Equilibrium institutions: the federal-proportional trade-off
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Durable democracies display a huge variety of combinations of basic institutional formulas. A quantitative logical model shows that while there are multiple equilibrium sets of institutions, each involves some trade-off between the size of the country, the territorial structure of government and the electoral system. Specifically, the larger the country, the more important is federalism in comparison to proportional representation electoral rules for the durability of democratic institutions. The explanatory power of the model is positively tested on all current durable democratic countries. It is also illustrated with a few both fitting and deviant cases. A relevant implication is that the room for manipulation of the choice of institutions is large, but not unlimited, as the choices for a durable democracy are constrained by bounded trade-offs between the values of major institutional variables.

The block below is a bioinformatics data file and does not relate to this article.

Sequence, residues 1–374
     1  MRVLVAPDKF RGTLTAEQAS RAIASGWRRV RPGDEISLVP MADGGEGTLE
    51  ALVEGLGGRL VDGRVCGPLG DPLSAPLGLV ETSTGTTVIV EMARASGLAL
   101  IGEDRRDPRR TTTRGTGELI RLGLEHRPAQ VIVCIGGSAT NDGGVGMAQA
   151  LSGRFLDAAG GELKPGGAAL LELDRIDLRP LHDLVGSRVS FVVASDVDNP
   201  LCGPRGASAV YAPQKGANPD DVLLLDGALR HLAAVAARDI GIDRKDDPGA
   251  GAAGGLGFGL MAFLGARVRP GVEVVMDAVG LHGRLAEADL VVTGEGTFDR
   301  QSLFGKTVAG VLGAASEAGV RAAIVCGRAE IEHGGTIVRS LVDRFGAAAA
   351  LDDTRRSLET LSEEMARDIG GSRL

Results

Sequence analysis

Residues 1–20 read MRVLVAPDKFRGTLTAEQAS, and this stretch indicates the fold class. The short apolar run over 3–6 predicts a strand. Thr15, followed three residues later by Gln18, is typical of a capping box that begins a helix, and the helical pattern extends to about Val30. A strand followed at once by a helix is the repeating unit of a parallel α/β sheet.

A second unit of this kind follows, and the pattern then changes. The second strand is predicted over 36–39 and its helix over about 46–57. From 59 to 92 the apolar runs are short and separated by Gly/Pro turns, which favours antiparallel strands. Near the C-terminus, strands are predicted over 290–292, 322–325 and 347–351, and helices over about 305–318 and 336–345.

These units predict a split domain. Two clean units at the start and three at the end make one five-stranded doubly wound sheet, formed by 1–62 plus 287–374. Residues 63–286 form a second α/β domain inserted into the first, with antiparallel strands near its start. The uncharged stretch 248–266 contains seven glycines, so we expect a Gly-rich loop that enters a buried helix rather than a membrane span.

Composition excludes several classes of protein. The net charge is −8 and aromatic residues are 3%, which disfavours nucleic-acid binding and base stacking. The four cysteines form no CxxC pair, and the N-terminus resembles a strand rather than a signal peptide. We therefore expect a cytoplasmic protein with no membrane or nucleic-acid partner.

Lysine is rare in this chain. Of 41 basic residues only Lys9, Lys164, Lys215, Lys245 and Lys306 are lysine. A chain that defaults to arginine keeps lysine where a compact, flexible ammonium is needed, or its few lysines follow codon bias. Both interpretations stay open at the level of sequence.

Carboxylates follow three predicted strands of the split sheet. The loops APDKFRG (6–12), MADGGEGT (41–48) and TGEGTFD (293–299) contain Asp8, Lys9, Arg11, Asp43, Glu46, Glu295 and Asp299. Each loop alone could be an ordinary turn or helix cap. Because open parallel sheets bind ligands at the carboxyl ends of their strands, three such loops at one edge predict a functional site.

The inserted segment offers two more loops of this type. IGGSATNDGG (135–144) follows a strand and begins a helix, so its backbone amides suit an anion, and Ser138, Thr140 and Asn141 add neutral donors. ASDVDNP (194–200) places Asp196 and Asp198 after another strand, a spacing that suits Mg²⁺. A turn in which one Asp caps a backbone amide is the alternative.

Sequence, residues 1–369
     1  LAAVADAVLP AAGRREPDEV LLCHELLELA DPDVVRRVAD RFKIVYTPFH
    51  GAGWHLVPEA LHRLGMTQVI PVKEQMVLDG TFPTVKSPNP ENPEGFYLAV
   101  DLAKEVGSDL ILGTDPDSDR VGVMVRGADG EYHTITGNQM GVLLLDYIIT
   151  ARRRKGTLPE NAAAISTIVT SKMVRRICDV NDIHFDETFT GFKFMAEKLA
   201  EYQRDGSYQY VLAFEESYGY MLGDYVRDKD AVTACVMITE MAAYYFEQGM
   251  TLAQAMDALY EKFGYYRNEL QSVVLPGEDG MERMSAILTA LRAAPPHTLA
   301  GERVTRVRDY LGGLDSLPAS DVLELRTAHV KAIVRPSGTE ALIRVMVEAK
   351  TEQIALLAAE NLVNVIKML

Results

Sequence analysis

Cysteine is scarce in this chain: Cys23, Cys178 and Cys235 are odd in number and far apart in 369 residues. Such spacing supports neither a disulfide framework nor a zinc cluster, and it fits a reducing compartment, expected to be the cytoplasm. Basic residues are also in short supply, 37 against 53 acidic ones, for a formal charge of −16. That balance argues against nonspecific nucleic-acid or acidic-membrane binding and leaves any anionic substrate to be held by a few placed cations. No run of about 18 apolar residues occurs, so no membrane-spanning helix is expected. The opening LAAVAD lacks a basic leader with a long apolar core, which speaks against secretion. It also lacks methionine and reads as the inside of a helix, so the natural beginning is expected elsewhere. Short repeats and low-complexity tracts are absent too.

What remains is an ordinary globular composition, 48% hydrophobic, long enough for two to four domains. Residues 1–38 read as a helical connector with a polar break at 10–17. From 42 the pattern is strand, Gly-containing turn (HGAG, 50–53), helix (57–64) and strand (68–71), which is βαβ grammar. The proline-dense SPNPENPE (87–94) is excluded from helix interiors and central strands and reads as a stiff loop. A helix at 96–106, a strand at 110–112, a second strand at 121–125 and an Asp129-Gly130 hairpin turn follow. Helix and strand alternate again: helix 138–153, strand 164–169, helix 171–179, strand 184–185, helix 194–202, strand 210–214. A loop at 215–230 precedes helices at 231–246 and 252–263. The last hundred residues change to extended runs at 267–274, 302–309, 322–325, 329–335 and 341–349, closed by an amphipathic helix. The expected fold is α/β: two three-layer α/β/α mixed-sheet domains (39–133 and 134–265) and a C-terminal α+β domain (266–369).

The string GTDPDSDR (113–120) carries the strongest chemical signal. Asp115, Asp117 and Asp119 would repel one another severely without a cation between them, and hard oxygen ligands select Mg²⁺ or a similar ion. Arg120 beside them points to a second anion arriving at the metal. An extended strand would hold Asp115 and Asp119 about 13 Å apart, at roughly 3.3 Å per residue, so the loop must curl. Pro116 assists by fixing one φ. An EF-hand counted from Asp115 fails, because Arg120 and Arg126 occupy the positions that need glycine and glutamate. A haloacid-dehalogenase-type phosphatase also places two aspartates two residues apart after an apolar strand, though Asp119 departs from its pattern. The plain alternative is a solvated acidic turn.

KeywordsCountry size Electoral system Equilibrium Federalism Political institutions Proportional representation William Riker
Previous versions of this paper were presented at the annual meetings of the American Political Science Association in Washington, DC, in 2010, and of the Public Choice Society in San Antonio, TX, in 2011. I acknowledge dedicated research assistance by Joan Ricart-Huguet and insightful comments and suggestions by Roger Congleton, Jose Fernandez-Albertos, William Keech and Iain McLean.
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